The same worrying cancer signal has appeared with breast cancer in postmenopausal women, even while dietary folate seems to be beneficial. And in studies looking at prostate cancer, when folic acid is combined with other vitamins, the data are unclear.
So could fortification be causing harm? While correlations have been drawn between food fortification and population studies of colorectal cancer, causality hasn’t been established. Screening rates or other factors could be contributing. Still, the idea is troubling, even though the harms (if real) are slight compared to the demonstrable and significant benefits fortification has played in reducing NTDs.
In women of childbearing age, folic acid supplementation has a demonstrable and meaningful benefit, reducing the incidence of NTDs. Its use in this population is evidence-based and demonstrably effective. And for treatments for conditions like end-stage kidney disease, folic acid may be of benefit. But when we look at the use of folic acid for primary prevention, the data are less clear. In children, men, and women beyond their childbearing years, supplementation in the absence of deficiency has no demonstrated health benefits, and there are worrying signals that it may raise cancer risks, possibly by “feeding” existing cancers.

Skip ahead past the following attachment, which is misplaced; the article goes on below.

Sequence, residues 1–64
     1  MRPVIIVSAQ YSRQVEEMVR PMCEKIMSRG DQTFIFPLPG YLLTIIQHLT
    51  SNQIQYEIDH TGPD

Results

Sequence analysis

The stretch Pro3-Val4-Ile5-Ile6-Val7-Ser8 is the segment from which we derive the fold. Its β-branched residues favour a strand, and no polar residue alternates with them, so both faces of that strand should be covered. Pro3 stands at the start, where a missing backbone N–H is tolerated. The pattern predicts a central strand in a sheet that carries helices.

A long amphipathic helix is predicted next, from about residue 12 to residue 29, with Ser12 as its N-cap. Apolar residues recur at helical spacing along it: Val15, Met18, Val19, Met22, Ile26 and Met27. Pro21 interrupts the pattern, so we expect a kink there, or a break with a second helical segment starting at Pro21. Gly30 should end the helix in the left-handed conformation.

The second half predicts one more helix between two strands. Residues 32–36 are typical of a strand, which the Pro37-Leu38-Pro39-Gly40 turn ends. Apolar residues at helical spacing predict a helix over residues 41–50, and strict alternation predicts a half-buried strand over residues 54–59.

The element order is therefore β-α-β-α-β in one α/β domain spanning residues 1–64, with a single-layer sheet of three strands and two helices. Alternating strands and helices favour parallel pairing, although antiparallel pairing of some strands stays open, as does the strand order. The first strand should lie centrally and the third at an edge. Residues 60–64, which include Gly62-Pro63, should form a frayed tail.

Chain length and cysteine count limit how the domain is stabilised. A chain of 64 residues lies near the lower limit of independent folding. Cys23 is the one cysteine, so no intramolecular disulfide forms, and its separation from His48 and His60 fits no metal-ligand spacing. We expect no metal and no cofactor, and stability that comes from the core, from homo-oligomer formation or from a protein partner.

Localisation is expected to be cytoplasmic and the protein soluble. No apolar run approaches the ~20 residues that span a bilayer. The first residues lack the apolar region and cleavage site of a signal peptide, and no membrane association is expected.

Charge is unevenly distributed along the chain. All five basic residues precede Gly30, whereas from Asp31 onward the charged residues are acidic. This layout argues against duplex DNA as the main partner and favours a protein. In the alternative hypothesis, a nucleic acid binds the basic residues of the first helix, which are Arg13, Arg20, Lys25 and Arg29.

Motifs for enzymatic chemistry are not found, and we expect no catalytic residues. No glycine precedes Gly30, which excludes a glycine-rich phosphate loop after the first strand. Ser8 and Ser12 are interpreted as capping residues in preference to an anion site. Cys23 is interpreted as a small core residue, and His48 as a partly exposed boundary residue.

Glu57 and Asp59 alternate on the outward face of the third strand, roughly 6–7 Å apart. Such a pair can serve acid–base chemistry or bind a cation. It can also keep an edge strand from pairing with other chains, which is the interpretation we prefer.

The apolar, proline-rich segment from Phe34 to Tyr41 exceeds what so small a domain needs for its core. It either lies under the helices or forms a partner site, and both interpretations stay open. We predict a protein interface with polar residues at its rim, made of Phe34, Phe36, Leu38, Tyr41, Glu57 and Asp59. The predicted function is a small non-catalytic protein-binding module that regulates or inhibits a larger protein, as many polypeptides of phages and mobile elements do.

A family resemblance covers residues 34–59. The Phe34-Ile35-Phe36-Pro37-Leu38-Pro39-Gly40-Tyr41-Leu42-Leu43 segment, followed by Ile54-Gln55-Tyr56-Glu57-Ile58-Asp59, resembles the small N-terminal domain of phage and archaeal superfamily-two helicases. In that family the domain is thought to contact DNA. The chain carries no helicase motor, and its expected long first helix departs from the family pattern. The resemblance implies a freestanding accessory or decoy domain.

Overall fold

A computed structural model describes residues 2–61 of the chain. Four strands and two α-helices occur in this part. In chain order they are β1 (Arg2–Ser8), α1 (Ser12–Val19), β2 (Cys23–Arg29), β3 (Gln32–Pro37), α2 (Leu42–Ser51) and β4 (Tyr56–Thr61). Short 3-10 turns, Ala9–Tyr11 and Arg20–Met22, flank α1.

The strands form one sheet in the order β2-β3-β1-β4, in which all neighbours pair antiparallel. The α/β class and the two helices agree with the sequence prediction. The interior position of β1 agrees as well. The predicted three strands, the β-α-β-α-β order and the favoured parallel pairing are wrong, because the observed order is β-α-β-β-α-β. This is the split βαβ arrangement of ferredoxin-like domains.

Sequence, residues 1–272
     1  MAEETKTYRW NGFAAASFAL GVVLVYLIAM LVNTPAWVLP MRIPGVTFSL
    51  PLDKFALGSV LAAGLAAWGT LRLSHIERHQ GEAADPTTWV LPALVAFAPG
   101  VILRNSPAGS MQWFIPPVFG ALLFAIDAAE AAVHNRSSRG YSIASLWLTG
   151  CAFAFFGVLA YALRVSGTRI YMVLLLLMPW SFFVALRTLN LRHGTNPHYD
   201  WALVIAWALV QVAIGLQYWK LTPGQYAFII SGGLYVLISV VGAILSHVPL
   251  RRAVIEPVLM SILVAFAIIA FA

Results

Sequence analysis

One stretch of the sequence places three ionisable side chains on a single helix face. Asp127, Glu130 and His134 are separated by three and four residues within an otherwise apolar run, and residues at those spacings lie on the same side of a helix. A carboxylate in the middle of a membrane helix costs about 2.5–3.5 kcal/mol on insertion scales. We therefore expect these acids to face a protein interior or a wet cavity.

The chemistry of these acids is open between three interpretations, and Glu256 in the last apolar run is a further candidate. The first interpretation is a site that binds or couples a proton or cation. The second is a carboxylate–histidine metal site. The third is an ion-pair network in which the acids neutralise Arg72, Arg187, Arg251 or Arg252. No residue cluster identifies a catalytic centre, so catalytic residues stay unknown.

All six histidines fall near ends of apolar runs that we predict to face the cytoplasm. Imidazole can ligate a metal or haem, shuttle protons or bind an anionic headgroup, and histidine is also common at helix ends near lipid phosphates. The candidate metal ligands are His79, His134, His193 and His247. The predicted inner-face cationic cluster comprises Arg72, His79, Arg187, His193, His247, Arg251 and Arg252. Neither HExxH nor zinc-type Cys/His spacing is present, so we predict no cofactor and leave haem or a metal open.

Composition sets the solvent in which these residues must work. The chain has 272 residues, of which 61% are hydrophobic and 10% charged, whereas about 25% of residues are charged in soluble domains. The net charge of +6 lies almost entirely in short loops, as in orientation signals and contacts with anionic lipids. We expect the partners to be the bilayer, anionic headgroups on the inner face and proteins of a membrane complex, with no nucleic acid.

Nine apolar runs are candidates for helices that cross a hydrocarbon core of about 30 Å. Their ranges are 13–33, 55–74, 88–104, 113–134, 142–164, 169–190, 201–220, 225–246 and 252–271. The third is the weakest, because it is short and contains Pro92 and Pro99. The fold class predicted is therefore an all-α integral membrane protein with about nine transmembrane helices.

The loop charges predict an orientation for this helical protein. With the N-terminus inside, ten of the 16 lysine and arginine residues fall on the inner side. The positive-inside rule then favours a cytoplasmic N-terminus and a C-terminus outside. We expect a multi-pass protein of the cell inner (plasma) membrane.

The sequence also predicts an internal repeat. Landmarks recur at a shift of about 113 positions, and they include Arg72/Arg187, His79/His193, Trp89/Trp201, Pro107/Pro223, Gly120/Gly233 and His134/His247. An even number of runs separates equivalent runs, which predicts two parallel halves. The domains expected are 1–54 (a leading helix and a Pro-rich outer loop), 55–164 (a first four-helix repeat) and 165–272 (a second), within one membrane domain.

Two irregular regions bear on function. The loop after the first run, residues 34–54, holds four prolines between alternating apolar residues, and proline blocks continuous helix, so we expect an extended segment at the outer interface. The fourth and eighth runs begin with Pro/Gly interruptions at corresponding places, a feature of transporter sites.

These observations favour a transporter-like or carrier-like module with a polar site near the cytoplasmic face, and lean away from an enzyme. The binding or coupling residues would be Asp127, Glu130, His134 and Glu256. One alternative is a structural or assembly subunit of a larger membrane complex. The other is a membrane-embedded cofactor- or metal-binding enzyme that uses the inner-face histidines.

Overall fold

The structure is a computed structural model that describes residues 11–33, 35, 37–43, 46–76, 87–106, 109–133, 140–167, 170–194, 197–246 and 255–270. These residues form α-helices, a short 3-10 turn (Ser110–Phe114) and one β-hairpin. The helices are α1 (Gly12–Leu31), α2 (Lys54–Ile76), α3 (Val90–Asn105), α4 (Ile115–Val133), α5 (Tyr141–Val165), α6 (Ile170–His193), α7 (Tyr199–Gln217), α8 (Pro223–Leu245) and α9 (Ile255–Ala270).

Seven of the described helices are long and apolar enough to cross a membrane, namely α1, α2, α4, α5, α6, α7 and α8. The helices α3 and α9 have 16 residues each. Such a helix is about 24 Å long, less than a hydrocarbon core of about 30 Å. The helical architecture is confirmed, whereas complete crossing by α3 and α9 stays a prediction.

Is fortification of our food supply harming and hurting? The benefits on NTD incidence have been demonstrated, while the harms haven’t been proven yet. Still, folic acid’s evolving story may become a cautionary tale about the consequences of fortification and supplementation with the hope of improved health outcomes. If we’re not in our childbearing years, we may be better off relying only on food sources for folate. So pass the spinach, and hold the multivitamins with folic acid.